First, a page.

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The quiet after the media storm

For a little more than a year from March 2006 to May 2007, nearly everything related to Duke Lacrosse was chronicled ad nauseam by most major news organizations across the country.

Whenever Duke called a press conference, dozens of reporters and camera crews flocked to pepper administrators with questions. When the team returned to practice-we're talking about practice!-in the fall of 2006, a gaggle of journalists trekked out to the West Campus Turf Fields early in the morning just to observe lacrosse drills. When the team played its first game returning from suspension last February, 70 media credentials were issued and ESPNU televised the game live. When the Blue Devils almost won the NCAA title last spring, throngs of media traveled to Baltimore hoping for a Hollywood ending to the Season of Redemption.

And then the media disappeared just about as fast as they came.

Unbeknownst to nearly everyone who did not attend the Duke vs. Bucknell season opener Feb. 16, the men's lacrosse team began its 2008 season last week quietly-there was no smoke and tunnel entrance or packed Koskinen crowd as there was only a year ago. For the Bucknell game, just 15 media credentials were distributed, and exactly one news organization (this one) actively covered the event.

It was a far cry from the feeding frenzy that ensued over the first year or so of the case. When the story first broke, major newspapers, magazines and TV news shows flew reporters into town to pursue the juiciest aspects of the story. Reporters got used to the security lines at RDU Airport, the local hotels and the food and bars on Ninth Street.

ESPN's George Smith, the Worldwide Leader's TV reporter on the beat, checked into the Washington Duke Inn and didn't leave for weeks at a time, spending so many days in Durham talking to lawyers and private investigators that he had to file North Carolina state income taxes for 2006. Smith became a regular for lunch and dinner at (of all places) George's Garage and could even be seen at Charlie's from time to time.

Like many of his peers, Smith stayed on the case through the NCAA Championships last spring, churning out some of the best journalism surrounding the story, but he hasn't been back to Durham since. Smith had never covered lacrosse before the Duke case, and said it's unlikely he ever will again.

"We followed the team so closely when they were under scrutiny, I thought it was only fair that we continued to cover them after they were cleared," Smith said late last week, taking a break from covering the Kelvin Sampson saga in Bloomington, Ind. "The problem is that lacrosse just isn't a sport that gets a lot of attention. When it comes to the Final Four, the tournament's on TV and you see it on other networks, but in terms of day-to-day on a national scale, it just doesn't rate with NFL and Major League Baseball.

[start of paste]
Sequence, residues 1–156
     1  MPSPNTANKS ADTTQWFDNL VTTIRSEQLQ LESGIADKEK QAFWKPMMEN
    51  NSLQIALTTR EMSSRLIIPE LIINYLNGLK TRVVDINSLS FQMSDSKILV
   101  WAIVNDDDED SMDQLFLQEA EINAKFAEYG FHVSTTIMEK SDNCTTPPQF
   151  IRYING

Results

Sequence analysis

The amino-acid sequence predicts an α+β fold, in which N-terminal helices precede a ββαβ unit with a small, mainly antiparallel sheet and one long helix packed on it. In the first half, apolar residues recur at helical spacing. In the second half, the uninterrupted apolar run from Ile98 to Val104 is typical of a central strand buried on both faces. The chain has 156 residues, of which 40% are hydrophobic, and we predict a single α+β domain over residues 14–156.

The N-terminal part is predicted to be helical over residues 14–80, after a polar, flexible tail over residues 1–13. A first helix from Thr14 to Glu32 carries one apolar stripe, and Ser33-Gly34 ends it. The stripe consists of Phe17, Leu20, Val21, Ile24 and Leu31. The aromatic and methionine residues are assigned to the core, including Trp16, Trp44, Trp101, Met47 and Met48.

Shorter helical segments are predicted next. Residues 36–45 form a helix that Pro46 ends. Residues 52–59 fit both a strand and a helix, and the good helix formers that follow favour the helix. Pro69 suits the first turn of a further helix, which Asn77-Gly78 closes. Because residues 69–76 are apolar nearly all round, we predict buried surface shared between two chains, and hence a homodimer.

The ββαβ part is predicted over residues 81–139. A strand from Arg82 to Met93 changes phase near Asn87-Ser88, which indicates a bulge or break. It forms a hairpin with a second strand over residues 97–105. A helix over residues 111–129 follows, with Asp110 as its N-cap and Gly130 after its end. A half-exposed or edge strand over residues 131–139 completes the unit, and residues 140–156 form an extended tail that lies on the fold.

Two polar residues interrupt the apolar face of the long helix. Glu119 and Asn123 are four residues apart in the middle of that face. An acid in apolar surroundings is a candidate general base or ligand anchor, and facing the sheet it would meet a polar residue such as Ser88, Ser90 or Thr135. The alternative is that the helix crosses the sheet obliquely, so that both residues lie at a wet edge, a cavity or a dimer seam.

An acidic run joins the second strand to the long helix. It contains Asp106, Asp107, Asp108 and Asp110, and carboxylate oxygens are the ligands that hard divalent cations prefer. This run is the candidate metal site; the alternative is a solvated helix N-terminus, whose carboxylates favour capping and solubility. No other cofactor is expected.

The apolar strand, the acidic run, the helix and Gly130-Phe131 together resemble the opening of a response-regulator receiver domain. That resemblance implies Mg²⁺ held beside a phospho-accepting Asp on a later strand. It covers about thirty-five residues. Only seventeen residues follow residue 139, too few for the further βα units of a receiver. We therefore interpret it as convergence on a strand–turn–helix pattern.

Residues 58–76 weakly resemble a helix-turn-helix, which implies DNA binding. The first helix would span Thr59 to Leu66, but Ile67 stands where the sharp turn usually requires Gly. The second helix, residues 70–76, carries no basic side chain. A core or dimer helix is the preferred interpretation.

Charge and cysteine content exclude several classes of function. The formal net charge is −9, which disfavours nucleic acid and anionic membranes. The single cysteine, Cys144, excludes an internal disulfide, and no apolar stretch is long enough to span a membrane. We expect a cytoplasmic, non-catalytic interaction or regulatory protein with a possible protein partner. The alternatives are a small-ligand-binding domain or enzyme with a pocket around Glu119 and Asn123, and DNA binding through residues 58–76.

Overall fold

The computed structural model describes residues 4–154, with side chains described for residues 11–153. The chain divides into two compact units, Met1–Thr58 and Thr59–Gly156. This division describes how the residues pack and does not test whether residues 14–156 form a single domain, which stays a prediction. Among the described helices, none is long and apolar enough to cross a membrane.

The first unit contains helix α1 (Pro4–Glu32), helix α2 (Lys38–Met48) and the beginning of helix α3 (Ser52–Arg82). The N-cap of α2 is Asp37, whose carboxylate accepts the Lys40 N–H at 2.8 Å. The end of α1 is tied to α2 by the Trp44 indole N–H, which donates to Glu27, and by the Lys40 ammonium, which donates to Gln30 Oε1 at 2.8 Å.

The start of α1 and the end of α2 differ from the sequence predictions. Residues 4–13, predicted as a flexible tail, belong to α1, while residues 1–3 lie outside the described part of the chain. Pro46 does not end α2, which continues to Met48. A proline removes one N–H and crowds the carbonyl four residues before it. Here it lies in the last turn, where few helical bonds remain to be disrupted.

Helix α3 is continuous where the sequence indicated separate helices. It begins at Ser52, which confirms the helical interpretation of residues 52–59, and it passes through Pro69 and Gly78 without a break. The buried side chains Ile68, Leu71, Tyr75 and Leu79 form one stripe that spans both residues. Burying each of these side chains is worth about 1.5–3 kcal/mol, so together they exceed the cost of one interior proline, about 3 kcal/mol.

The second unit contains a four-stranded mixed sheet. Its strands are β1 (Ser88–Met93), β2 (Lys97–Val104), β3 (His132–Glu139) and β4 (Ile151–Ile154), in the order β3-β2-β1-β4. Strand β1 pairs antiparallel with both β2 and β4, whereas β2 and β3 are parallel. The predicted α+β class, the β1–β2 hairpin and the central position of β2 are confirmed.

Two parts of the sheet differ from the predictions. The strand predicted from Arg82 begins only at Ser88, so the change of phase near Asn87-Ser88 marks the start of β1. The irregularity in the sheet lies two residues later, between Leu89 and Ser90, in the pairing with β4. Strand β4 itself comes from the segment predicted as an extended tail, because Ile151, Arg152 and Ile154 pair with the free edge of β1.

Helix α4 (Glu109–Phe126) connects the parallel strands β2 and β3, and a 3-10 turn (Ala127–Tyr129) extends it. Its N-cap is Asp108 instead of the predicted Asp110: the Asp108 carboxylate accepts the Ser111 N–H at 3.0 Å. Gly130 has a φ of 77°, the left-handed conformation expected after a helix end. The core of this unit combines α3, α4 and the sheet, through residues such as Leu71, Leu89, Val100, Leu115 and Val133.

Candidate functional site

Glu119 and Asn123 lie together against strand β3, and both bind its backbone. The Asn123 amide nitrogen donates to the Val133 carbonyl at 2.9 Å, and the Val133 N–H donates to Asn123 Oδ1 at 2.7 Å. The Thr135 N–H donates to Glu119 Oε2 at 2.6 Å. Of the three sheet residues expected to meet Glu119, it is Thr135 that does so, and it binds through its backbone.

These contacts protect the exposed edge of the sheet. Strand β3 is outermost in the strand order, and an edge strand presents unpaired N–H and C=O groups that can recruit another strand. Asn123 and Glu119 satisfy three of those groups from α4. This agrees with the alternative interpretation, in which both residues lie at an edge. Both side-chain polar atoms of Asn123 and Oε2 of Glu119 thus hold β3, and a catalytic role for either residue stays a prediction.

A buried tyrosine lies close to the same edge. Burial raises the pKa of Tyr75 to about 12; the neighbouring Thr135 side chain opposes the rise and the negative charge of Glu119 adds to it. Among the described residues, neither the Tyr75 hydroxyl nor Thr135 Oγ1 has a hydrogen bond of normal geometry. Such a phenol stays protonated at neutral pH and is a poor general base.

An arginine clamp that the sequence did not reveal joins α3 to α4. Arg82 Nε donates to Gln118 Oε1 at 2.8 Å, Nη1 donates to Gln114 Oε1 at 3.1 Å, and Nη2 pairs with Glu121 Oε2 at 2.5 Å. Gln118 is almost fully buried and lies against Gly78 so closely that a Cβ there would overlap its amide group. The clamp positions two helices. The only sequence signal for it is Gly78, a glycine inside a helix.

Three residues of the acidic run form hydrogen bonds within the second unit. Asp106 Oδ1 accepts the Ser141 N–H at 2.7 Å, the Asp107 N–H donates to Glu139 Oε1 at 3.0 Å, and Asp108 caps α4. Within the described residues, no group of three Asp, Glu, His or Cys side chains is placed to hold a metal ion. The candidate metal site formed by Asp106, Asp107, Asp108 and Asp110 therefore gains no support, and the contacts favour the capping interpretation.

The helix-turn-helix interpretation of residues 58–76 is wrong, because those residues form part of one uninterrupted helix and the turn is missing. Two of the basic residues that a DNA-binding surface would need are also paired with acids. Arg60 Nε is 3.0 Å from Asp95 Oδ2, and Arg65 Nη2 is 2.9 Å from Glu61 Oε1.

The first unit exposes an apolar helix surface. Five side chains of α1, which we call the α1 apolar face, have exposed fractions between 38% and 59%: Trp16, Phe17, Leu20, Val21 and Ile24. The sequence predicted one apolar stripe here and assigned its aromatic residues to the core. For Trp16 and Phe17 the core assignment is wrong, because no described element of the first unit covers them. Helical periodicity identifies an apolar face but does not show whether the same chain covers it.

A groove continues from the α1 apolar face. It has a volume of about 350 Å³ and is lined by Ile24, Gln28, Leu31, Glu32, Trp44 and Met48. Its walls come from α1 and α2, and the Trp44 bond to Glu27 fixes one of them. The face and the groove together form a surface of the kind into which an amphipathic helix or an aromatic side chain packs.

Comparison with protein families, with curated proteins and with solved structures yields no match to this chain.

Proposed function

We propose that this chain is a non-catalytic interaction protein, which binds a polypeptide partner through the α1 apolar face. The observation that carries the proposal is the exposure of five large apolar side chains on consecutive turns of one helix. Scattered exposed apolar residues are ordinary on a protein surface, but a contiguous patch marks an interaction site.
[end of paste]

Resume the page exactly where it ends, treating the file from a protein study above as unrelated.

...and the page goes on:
"I'm not surprised that the team isn't getting a lot of coverage this year. The team and the program went through the wringer, so maybe a lot of people just want to leave them alone. I think that after they were cleared, it was the right thing to do to cover the team for the remainder of the year and how they bounced back from adversity."

Smith isn't the only journalist feeling the Duke Lacrosse fatigue. I recently suggested to another reporter I know that there were still plenty of interesting stories about the team, especially the team dynamics with the return of the fifth-year seniors. He told me, perhaps only partially in jest, that he was looking for stories to cover besides Duke Lacrosse just for the sake of his own sanity.

Another reporter who covered the case, ESPN The Magazine's Jon Pessah, said: "The media attention in lacrosse had nothing to do with lacrosse, a sport most of the media-and certainly the non-sporting media-knew nothing about.... Nobody cared about lacrosse, then and especially now."

This has been especially evident recently, as Duke Lacrosse, on the precipice of a third run in four years at its first national title, is now more often spoken of in Roger Clemens' legal defense than it is in common sports vernacular.

From time to time, the ongoing legal case itself still makes headlines. Last Thursday, Duke Lacrosse was big news yet again around the country, not for the start of the season but for the new lawsuit filed by 38 of the unindicted players from the 2006 team.

The resurfacing of Duke Lacrosse in the national media is a reminder once again of what has been all too apparent for much of this story: that lacrosse only mattered to the media to the extent it could frame and raise the profile of an incident that was too complex to initially understand.


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